On Wednesday, I joined – in a somewhat unofficial capacity – a dolphin trip with Neal Watson’s Bimini SCUBA Center. As this is the off-season for dolphin trips, opportunities limited to search for DCP ID#104 (WDP’s “Lamda”), the Atlantic spotted dolphin who stranded in August, was rehab’d and then released in late October. I filled the guests in on #104 and my hope of the day…
Soon, there were dolphins! No #104, but it was a large group of bottlenose dolphins. They seemed to be crater feeding, so I grabbed the surface camera while the boat crew positioned the boat for the guests to enter the water. The dolphin group then split up, with some dolphins heading north. Right around the same time, I wondered if I saw a tiger shark swim past the boat….Hmmmm…We stuck with the three feeding dolphins and the guests were not disappointed! And I have plenty of photos to sort and match to our photo-ID catalog.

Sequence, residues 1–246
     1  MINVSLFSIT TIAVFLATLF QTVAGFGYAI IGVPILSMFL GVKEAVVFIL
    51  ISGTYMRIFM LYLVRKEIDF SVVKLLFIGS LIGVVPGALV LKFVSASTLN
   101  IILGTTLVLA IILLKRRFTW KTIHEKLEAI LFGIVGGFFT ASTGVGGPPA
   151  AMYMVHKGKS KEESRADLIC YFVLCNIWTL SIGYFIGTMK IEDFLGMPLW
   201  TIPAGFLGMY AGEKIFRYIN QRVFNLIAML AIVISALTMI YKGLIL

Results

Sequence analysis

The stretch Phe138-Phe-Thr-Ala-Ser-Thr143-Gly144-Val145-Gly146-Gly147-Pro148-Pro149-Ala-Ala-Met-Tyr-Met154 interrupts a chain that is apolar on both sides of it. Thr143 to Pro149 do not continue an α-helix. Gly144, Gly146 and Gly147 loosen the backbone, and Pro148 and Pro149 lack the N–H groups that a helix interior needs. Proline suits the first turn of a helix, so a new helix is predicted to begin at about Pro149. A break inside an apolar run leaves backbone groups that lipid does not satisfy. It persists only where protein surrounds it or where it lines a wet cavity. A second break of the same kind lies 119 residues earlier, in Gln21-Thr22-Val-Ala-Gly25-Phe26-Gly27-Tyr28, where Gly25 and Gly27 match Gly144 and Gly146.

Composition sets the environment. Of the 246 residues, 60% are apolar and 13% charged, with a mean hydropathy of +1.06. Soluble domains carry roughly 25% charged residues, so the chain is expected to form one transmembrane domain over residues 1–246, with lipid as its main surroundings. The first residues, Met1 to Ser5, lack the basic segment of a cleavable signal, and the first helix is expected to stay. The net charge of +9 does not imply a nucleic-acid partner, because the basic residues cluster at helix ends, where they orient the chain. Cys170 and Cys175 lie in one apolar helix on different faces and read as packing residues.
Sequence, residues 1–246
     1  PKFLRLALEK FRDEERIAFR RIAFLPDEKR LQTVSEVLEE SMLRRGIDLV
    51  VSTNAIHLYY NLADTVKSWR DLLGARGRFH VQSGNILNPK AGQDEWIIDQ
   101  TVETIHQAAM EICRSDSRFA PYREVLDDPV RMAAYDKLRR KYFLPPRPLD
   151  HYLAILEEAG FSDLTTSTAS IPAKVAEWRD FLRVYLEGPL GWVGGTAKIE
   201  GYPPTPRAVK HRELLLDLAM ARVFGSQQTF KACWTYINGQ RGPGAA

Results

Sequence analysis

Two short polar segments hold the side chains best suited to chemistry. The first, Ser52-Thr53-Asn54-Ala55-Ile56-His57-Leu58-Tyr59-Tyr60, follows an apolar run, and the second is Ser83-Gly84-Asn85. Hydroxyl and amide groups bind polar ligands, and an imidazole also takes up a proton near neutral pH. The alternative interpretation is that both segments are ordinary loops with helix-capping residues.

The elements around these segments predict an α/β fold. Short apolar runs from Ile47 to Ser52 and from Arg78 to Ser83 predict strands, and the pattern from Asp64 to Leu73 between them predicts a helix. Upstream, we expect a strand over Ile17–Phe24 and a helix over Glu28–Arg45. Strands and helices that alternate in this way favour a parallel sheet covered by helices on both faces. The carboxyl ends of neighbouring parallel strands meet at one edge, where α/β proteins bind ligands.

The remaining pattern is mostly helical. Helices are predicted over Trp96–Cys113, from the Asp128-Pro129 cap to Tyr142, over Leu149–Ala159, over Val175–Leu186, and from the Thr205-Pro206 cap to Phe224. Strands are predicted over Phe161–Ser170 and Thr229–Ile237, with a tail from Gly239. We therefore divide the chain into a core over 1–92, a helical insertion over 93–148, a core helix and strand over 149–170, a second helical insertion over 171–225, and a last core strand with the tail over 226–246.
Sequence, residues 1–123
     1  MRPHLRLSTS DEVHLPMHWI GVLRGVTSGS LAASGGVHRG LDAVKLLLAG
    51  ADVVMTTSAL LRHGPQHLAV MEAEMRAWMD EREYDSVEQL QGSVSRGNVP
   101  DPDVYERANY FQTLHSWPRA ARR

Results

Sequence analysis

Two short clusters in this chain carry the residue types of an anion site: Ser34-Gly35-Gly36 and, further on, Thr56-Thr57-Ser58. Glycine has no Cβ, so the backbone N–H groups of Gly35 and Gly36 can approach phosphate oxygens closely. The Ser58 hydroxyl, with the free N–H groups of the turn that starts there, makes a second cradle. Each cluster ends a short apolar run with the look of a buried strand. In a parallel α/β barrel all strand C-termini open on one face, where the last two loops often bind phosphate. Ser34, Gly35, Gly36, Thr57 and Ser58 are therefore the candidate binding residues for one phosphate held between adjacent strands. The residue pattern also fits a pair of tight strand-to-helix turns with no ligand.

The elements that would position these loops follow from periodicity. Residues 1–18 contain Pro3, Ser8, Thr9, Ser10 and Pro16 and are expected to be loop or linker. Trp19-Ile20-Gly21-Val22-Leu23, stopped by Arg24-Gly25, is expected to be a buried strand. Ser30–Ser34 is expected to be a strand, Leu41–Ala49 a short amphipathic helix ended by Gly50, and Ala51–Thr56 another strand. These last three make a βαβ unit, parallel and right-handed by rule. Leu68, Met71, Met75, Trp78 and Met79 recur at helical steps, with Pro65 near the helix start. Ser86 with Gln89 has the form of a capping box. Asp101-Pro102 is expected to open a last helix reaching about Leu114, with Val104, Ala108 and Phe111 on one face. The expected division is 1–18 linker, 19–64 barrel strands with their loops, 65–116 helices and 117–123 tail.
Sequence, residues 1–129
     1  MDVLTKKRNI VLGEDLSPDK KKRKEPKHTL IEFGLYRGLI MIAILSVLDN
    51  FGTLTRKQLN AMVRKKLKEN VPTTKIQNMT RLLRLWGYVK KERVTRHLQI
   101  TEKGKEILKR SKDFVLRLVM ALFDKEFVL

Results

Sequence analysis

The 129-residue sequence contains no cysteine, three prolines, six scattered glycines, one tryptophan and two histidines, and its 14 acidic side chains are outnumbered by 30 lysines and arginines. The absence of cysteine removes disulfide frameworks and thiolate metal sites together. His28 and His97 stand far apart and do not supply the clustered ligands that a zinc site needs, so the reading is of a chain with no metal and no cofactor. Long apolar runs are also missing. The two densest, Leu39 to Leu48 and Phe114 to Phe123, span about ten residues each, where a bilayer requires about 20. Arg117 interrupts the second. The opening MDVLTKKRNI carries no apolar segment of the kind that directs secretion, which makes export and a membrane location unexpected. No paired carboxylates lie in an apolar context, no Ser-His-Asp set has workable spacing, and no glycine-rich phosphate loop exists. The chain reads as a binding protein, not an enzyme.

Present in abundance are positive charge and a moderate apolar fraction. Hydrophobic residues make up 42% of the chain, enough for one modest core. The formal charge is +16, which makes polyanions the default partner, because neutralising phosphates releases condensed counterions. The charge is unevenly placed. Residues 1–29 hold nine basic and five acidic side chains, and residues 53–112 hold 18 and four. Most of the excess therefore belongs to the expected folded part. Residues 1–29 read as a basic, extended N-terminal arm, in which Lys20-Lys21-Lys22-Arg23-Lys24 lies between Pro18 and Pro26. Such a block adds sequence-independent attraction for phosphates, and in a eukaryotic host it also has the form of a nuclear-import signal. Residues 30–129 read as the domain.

Once the dolphins and the people had their fill, we continued north for a quick search for #104. Soon, I was sure I saw a shark! Was it a tiger? That I can’t be sure of, but it was hearty and it wasn’t a nurse shark. We didn’t make it too far before the crew decided seas were too rough to keep searching; better to head back while the guests were all still glowing from their crater feeding observations!
Though I am wishing we could have laid eyes on #104, I was happy to be out searching. And, pleased to chat with the boat crew who did see him on Sunday. They described that he wasn’t clearly “with” other dolphins, but appeared in good shape and was eager to ride the bow of the boat. So, this description will just have to tide me over until I can see him myself!
Ongoing thanks goes to the Chicago Zoological Society team who continues to update us daily on #104’s movements and Bahamas Marine Mammal Research Organization for coordinating funding for the searches.
Until next time,